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Gastroentérologie Clinique et Biologique
Volume 32, n° 3
pages 351-353 (mars 2008)
Doi : 10.1016/j.gcb.2008.01.027
A case of isolated splenic infarction associated with a foramen ovale and an interatrial septal aneurysm
Infarctus splénique isolé associé à un foramen ovale et à un anévrisme du septum interauriculaire

A. Dobrin, T. Thevenot , B. Alby, V. Di Martino
Service d’hépatologie et de soins intensifs digestifs, hôpital Jean-Minjoz, boulevard Fleming, 25030 Besançon cedex, France 

Corresponding author.
N. Sailley
Service de radiologie, hôpital Jean-Minjoz, 25030 Besançon cedex, France 

N. Meneveau
Service de cardiologie, hôpital Jean-Minjoz, 25030 Besançon cedex, France 


Splenic infarction is a rare cause of abdominal pain. We describe an unusual case of splenic infarction in a patient with both a foramen ovale and an interatrial septal aneurysm. Although we did reach a consensus about the appropriate medical strategy, the patient underwent a percutaneous closure of the foramen ovale with insertion of a self-expandable septal occluder device. Antiplatelet agents were administered after surgery and there were no complications at the six-month follow-up.

Case report

On July 23, 2006, a 52-year-old man was admitted to the emergency ward because of epigastric pain associated with emesis. The patient had been fine until the day before, when he had a sudden onset of epigastric pain. Pain was constant and severe, and radiated to the left upper quadrant. There was no history of diarrhea, hematochezia, melena, contact with other illnesses or recent trauma. The patientʼs past medical history included a sleep apnea syndrome for three years, renal colic, an appendectomy and a Hartman procedure for sigmoid diverticulitis. The patient had smoked for 15 years and had low alcohol consumption (20–40g per week). He was not taking any medications. There was no family history of cerebral vascular disease or coronary artery disease. There had been no change in bowel habits. The pain worsened when the patient breathed deeply. On initial physical examination the patient presented mild painful distress, but no mass or hernia was detected. He weighed 128kg and was 183cm tall. His temperature was 36.9°C, pulse rate 71 per minute, respiratory rate 20 per minute, and the blood pressure 160/90mm Hg. Chest examination was clear and the cardiac examination did not show any tachycardia, murmur, gallop or rub. Abdominal examination showed an increase in pain during deep breathing in the epigastric and left upper quadrant, but there was no guarding in this area. Bowel sounds were normal. No abdominal aortic sounds were heard and all the pulsis were present. Rectal examination was normal. Laboratory evaluation demonstrated a white blood cell count of 11,200 with 8700 neutrophils, hemoglobin level was 14.8g/dL and hematocrit was 47%. Serum levels of electrolytes, bilirubin, alkaline phosphatase, lipase, and creatinine were normal. Total protein level was normal and serum albumin was 45g/L. An abdominal ultrasound showed a normal liver with sludge in the gallbladder and no abnormalities in the spleen, the kidneys or the pancreas. A computed tomographic scan of the abdomen and pelvis showed a focal wedge-shaped area of decreased density in the spleen with a thrombus of the splenic artery near its origin, consistent with a splenic infarct (Figure 1). No atherosclerotic calcifications were seen in the abdominal aorta. Abdominal ultrasound doppler examination confirmed thrombus in the splenic artery with no other thrombi in the abdominal area.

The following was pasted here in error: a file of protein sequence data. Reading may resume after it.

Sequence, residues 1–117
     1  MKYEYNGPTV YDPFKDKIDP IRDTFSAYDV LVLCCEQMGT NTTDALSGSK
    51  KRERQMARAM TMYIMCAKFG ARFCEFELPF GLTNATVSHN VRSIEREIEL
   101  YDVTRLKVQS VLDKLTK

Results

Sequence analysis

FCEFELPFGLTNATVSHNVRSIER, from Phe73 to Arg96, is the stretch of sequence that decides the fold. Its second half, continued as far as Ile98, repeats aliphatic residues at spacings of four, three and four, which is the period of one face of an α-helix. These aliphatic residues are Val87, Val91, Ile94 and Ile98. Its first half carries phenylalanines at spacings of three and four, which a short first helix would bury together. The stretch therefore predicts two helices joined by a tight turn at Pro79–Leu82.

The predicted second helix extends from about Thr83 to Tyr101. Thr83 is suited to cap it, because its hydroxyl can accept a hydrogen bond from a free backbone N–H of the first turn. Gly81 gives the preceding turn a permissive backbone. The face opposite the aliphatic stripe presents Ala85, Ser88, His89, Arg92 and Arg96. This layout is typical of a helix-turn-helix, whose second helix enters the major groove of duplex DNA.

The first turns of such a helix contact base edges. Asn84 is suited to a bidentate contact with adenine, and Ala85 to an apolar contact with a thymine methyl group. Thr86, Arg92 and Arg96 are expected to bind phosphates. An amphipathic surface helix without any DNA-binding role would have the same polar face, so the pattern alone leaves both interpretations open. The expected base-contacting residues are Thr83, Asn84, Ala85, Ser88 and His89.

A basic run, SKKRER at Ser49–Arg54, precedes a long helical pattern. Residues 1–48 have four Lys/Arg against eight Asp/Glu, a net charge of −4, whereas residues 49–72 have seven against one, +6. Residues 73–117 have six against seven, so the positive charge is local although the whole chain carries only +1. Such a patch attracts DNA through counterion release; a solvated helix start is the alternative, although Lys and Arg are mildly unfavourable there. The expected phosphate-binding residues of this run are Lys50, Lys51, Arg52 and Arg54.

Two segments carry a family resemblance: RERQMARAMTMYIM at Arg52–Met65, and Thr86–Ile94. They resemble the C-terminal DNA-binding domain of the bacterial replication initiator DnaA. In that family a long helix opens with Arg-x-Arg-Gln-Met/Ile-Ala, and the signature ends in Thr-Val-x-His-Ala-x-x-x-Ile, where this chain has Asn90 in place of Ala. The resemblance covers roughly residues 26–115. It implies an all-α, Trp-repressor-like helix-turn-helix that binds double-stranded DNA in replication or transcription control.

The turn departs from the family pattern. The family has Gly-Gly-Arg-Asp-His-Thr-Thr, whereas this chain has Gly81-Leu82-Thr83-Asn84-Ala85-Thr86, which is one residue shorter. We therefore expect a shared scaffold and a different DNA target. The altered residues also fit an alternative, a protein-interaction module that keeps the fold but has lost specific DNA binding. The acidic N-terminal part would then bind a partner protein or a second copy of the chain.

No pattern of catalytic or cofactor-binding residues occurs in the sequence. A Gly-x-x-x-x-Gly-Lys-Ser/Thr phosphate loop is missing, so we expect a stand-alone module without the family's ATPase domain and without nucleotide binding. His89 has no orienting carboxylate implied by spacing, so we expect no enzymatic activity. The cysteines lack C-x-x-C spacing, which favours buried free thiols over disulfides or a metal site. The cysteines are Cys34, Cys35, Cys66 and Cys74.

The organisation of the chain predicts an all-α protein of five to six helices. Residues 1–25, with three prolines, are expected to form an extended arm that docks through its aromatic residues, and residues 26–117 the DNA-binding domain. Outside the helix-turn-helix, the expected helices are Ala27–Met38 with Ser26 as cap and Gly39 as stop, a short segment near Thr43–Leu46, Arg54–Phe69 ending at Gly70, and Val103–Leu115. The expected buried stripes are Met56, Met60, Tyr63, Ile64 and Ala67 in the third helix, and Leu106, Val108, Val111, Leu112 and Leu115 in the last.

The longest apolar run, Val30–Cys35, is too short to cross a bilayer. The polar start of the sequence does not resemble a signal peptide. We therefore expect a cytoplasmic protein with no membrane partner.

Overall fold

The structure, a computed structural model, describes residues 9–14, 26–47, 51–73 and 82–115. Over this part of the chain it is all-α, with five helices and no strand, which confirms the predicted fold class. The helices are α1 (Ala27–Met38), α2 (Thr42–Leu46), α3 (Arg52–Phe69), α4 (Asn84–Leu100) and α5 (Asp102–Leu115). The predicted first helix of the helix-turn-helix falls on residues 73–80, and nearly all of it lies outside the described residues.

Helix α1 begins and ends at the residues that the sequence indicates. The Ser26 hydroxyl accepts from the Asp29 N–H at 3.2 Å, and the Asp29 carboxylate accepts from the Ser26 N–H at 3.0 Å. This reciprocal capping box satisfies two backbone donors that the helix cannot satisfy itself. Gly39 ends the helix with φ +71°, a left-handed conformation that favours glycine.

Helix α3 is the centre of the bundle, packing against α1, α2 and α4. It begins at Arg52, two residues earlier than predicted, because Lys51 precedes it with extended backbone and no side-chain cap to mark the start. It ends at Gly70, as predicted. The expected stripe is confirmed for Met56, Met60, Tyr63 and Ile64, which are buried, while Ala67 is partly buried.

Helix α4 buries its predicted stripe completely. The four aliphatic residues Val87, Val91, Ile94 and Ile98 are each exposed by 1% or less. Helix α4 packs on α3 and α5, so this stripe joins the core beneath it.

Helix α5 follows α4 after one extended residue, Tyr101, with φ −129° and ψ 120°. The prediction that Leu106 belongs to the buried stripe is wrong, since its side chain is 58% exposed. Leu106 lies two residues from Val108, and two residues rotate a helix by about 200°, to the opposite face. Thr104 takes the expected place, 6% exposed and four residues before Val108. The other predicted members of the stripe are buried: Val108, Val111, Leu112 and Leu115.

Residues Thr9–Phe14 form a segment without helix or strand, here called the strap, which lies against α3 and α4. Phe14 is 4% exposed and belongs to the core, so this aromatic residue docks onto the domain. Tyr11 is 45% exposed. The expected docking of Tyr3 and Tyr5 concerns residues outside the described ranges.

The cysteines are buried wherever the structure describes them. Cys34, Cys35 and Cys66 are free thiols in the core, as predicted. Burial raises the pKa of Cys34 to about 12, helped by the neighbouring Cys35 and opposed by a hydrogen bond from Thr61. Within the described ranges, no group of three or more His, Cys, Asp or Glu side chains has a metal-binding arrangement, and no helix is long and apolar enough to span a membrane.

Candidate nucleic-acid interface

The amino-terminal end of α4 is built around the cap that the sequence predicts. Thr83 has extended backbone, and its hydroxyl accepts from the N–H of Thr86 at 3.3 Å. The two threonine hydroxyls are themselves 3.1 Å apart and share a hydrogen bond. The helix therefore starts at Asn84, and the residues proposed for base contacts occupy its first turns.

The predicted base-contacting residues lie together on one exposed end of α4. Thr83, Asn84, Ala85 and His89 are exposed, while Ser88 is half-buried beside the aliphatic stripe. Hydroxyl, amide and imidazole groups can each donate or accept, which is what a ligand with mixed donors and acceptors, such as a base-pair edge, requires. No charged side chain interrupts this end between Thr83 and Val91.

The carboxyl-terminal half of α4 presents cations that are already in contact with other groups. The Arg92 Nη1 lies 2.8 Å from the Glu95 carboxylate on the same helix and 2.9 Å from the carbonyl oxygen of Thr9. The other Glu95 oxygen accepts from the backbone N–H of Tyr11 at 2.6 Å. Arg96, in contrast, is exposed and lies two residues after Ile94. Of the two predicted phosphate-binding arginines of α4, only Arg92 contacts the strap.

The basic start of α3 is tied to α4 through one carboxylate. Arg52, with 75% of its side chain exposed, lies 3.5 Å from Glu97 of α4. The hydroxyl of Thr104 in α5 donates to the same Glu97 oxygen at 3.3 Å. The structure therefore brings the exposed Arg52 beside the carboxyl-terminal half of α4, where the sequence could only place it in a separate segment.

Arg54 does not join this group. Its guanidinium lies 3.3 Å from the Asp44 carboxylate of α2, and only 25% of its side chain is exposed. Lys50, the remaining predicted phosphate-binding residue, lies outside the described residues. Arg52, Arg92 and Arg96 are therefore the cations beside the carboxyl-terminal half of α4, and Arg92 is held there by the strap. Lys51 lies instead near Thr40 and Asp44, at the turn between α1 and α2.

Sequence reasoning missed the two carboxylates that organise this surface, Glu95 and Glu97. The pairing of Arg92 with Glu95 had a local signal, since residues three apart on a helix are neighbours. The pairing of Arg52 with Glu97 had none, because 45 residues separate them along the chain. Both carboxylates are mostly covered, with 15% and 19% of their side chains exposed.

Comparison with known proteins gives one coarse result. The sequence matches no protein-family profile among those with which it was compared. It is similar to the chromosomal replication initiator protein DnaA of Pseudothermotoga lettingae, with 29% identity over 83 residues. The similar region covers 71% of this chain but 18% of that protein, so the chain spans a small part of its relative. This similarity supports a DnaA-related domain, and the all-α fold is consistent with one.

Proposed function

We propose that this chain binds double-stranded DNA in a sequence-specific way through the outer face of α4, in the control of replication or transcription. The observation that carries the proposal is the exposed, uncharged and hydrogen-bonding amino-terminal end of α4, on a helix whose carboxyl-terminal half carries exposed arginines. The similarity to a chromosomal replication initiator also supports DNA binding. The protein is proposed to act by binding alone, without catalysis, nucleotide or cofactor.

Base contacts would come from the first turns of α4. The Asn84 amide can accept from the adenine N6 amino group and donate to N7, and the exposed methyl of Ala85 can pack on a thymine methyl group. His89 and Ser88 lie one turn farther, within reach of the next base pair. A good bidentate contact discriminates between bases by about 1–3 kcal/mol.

Figure 1

Figure 1. 

Computed Tomography abdominal scan (portal venous phase) shows splenic infarct with a large hypodense area (arrow) in the spleen with persistent capsular enhancement.

Tomodensitométrie abdominale (temps veineux portal) montrant un infarctus splénique avec une grande zone splénique hypodense (flèche) et un rehaussement capsulaire persistant .


The patient was then tested for the following: inherited thrombophilic factors including primary myeloproliferative disorders (myelogram), protein C, protein S, or antithrombin deficiency; lupus anticoagulant and anticardiolipin antibodies; paroxysmal nocturnal hemoglobinuria; activated protein C resistance or factor V Leiden mutation, prothrombin gene and JAK2 V617F mutations. All tests were normal. An electrocardiogram and a chest-X ray were also normal. Transesophageal echocardiography showed an interatrial septal aneurysm and a patent foramen ovale but no valvulopathy, no thrombus and normal cardiac function was. Magnetic resonance imaging of the brain was normal. The patient was promptly placed on anticoagulation therapy initially with fondaparinux sodique (Arixtra®) 10mg/d subcutaneously, followed by fluindione (Previscan®). A marked decrease in abdominal pain was observed a few days later. On December 19, 2006, the patient underwent a percutaneous closure of the patent foramen ovale with insertion of a 35mm self-expandable Amplatzer septal occluder device (AGA Medical Corp., Golden Valley, Minnesota). The device was inserted using a femoral approach, a transvenous sheath was moved forward and across the foramen into the left atrium, where a folded disk was expanded and pulled back, opposing the closed primum and secundum septa. Then, a right-sided-disk was deployed and the two disk device was released. Aspirin (Kardegic®) 75mg/d and clopidogrel (Plavix®) 75mg/d were prescribed for three months and thereafter aspirin was continued alone following implantation. A clinical and echocardiographic follow-up was performed at one, three and six months and revealed no particular complications.